by Justin Brady
Mass Ave experienced a huge month in June flexing its prowess as one of the city's top areas for entertainment and dining. The avenue exploded last Tuesday as the host of Indy's World Cup viewing party mere weeks after serving as the mecca for the Circle City Pride Parade. Meanwhile the culinary options expanded with the arrival of Pizzology, Nine Irish Brothers and Union 52 to the neighborhood. At the once-desolate 800 block, work began on the new Pattern store adding to the Trail Side's recent opening of Natural Born Juicers and Homespun. New residential construction continues to surround the area, showing no end to growth in sight.
These are all great, exciting things, but Mass Ave's recent growth spurt is a long time in the making that began with its designation as the city's Arts and Theater District. I'll be honest, the past couple months you've been more likely to find me soaking up the sun on a Mass Ave patio while my cultural calendar has taken a break, but now that the lovely Midwest humidity is in full effect, I will be more than happy to seek out shelter at a theater. While many performing arts seasons are on break over the summer, Mass Ave theaters all offer plenty of opportunities to come inside and cool off with a show.
When Mass Ave was just a fledgling neighborhood, The Phoenix Theatre bravely claimed its stake in the community. Now 30 years later it's still showcasing thought-provoking contemporary performances. The Phoenix's current season has explored dysfunctional relationships from just about every angle. The season closes with Miles and Ellie, a play that will once again mine this territory, this time reuniting high school sweethearts 20 years later. The small ensemble cast is rich with talent and lead in direction by Bill Simmons, who performed in the world premiere production at the Purple Rose Theatre Company in Michigan. Miles and Ellie runs July 10 - Aug. 10 at The Phoenix Theatre.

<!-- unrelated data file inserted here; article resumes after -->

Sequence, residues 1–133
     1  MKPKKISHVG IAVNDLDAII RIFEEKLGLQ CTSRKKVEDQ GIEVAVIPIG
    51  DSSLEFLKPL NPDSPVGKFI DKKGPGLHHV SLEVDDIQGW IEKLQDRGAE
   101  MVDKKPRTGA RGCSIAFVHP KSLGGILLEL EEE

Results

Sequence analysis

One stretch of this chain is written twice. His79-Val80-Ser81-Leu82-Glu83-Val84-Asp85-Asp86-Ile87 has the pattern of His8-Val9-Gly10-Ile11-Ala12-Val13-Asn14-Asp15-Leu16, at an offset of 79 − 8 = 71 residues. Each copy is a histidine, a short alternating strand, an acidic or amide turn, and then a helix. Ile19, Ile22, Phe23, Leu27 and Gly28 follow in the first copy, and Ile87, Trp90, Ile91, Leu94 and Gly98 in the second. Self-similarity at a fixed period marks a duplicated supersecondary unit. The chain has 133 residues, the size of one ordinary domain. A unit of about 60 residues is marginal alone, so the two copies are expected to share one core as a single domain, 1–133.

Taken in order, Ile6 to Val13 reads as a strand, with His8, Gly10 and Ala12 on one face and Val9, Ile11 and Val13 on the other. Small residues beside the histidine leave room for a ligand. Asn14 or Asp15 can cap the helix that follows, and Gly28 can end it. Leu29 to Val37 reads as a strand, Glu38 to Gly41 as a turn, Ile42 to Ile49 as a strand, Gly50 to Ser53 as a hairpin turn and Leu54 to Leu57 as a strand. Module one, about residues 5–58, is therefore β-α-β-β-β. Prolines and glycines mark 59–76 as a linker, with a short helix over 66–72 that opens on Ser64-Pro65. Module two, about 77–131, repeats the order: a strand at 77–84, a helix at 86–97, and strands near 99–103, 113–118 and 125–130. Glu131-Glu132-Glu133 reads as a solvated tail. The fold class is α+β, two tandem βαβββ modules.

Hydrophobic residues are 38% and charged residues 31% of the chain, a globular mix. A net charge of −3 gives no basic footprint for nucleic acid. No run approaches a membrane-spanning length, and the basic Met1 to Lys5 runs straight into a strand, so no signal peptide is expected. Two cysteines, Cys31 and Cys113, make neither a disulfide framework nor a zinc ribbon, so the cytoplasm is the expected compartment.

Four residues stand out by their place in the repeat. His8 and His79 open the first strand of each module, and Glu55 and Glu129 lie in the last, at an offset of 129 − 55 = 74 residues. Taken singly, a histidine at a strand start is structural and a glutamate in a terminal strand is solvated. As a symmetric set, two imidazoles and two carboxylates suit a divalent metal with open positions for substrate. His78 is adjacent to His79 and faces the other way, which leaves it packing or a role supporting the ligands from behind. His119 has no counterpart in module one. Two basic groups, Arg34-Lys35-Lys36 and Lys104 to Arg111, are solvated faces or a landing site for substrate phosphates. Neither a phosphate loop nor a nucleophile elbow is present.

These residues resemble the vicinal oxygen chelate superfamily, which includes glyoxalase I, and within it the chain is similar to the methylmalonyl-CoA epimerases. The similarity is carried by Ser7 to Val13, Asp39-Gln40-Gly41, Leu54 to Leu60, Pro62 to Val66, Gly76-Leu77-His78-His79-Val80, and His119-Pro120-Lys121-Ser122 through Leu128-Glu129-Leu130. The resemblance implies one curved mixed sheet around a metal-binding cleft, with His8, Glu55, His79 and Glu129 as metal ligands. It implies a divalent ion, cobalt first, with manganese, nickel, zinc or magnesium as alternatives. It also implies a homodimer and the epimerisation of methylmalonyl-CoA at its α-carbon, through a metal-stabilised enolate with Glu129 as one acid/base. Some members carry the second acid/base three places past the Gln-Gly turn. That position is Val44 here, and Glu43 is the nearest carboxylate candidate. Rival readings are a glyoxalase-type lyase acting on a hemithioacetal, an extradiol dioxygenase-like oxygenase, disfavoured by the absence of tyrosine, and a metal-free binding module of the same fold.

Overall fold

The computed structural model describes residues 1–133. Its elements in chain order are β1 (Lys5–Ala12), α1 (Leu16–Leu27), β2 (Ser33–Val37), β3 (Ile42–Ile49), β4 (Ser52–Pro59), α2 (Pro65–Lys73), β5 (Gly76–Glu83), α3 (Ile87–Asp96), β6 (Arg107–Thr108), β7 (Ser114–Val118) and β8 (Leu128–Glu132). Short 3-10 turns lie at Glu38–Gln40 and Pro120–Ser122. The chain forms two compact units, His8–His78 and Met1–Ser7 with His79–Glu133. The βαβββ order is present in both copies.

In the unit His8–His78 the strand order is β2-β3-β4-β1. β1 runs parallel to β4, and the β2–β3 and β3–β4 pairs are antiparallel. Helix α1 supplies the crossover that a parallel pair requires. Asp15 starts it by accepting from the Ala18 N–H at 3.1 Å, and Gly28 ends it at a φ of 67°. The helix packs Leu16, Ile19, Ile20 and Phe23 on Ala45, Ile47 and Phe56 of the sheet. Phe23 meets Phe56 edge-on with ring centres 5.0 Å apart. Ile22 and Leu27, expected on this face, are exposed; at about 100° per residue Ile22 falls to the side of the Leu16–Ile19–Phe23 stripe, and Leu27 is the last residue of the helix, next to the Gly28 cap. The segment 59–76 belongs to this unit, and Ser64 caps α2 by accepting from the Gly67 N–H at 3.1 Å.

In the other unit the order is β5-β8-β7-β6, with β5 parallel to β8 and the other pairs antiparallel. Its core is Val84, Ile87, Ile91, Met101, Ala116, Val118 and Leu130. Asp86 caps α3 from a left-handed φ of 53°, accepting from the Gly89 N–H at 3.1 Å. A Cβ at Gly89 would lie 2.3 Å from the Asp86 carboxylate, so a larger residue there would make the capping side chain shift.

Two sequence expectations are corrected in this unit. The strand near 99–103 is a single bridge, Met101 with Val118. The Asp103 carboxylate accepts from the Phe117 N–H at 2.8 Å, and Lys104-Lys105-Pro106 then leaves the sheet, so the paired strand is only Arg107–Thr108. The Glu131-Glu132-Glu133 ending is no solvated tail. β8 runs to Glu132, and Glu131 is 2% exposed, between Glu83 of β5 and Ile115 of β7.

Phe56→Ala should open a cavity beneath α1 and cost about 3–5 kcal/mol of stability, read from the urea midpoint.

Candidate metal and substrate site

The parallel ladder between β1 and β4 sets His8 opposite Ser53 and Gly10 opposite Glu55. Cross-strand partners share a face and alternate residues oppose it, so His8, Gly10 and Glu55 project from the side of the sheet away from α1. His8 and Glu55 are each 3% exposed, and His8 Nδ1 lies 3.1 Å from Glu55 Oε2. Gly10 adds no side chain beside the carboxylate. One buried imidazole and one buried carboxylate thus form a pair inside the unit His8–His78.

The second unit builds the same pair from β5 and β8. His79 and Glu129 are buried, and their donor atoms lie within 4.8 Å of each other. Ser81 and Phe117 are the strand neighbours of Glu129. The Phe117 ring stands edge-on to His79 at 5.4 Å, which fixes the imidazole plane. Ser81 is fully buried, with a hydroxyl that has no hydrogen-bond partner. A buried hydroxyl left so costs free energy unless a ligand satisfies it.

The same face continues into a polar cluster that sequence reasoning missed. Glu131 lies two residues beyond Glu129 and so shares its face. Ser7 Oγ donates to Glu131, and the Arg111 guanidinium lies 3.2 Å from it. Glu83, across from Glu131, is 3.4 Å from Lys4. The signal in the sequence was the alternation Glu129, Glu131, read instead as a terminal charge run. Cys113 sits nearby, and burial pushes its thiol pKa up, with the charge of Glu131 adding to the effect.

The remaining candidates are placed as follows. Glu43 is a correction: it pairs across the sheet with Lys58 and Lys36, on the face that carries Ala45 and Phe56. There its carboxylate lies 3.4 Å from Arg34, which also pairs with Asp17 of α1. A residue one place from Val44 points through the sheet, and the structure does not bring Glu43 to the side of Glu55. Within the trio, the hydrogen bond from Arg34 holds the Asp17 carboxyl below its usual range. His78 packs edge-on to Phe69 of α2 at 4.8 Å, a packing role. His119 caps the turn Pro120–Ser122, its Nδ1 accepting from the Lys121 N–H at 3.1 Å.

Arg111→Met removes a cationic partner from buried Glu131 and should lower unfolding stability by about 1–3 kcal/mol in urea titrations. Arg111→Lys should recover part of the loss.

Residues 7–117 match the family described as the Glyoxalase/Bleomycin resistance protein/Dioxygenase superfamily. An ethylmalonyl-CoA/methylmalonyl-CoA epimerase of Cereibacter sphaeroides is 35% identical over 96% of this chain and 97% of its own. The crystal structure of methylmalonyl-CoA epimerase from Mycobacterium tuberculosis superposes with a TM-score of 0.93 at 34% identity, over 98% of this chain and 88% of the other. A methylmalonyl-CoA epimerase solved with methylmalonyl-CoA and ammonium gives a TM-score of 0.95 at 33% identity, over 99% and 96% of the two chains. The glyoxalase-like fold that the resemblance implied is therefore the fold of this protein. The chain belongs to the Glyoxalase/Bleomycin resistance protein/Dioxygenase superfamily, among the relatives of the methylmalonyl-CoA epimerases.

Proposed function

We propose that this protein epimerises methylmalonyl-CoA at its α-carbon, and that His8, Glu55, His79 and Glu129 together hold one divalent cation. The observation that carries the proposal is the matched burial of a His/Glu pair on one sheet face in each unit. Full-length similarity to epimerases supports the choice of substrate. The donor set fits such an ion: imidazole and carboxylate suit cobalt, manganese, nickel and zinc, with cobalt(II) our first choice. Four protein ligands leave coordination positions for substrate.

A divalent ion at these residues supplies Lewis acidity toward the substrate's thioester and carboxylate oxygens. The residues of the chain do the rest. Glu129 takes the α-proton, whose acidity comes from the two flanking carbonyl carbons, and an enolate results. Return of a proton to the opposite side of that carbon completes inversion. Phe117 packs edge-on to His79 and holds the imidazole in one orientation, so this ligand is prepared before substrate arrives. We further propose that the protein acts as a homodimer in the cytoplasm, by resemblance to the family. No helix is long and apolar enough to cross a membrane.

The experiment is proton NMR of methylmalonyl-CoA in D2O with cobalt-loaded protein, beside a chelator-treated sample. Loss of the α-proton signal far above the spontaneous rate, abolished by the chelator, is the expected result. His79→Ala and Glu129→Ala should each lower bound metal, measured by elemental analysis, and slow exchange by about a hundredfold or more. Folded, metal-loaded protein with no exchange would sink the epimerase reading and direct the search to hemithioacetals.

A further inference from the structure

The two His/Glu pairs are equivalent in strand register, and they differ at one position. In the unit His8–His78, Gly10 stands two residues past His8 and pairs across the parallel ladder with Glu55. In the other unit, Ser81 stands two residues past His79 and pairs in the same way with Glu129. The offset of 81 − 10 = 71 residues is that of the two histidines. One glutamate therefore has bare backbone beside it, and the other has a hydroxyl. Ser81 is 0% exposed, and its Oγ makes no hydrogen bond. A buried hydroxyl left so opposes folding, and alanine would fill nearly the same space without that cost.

Theatre on the Square
Theatre on the Square got started in 1988 in Fountain Square, but it quickly made its way to Mass Ave. Despite its former locale being part of the name, it's hard to imagine the theater's lively flair not being part of the Mass Ave landscape. Artistic Director and founder Ron Spencer only spends part of his time in Indianapolis these days, but returned to close the season by directing and acting in Superior Donuts. Tracy Letts, perhaps best known for August Osage County, tackles the power of friendship in this comedy. Superior Donuts runs July 11 - Aug. 2 at Theatre on the Square.
Bob Harbin has a long tenure at The Athenaeum, first directing the former American Cabaret Theatre and now his own theatre company Bobidrex. This July he continues the company's annual summer musical tradition there with Hair: The American Tribal Love-Rock Musical. As always, Harbin has recruited a stellar ensemble that should make this a highpoint of the summer arts calendar. And while I don't know much about Hair, I am hoping it will reinforce my theory that hipsters are just hippies in flannel instead of tie-dye. Hair runs July 5 - 20 at The Athenaeum. A few other arts groups should also be noted here.
The Old National Centre
While Mass Ave thrives supporting local culture, I would be remiss to not mention its most notable landmark. The Old National Centre provides an opportunity to take in a wide array of touring talents including music, Broadway and comedy acts. This month's lineup includes Rick Springfield, The Fray and Jenny Lewis.
While still the youngest on the block, IndyFringe will prove its longevity when it hosts the 10th Annual IndyFringe Festival in August. Meanwhile, the group's building continues to provide a venue year-round for emerging theater groups, storytelling and other offbeat performances. In July at the IndyFringe Theatre you can catch Defiance Comedy's Spaceship To Nowhere on July 9 and Spoken Word Wednesday on July 16.